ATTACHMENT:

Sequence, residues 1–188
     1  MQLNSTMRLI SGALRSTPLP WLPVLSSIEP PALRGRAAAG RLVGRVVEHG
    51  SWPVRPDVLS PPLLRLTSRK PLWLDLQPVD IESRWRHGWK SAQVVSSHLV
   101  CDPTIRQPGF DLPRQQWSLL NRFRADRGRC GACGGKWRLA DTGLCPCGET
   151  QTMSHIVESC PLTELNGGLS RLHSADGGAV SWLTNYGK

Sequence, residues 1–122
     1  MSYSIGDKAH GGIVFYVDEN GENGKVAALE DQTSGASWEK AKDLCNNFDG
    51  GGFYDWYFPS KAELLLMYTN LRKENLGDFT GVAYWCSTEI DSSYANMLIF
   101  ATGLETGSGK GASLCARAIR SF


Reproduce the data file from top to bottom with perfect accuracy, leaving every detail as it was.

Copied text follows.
Sequence, residues 1–188
     1  MQLNSTMRLI SGALRSTPLP WLPVLSSIEP PALRGRAAAG RLVGRVVEHG
    51  SWPVRPDVLS PPLLRLTSRK PLWLDLQPVD IESRWRHGWK SAQVVSSHLV
   101  CDPTIRQPGF DLPRQQWSLL NRFRADRGRC GACGGKWRLA DTGLCPCGET
   151  QTMSHIVESC PLTELNGGLS RLHSADGGAV SWLTNYGK

Sequence, residues 1–122
     1  MSYSIGDKAH GGIVFYVDEN GENGKVAALE DQTSGASWEK AKDLCNNFDG
    51  GGFYDWYFPS KAELLLMYTN LRKENLGDFT GVAYWCSTEI DSSYANMLIF
   101  ATGLETGSGK GASLCARAIR SF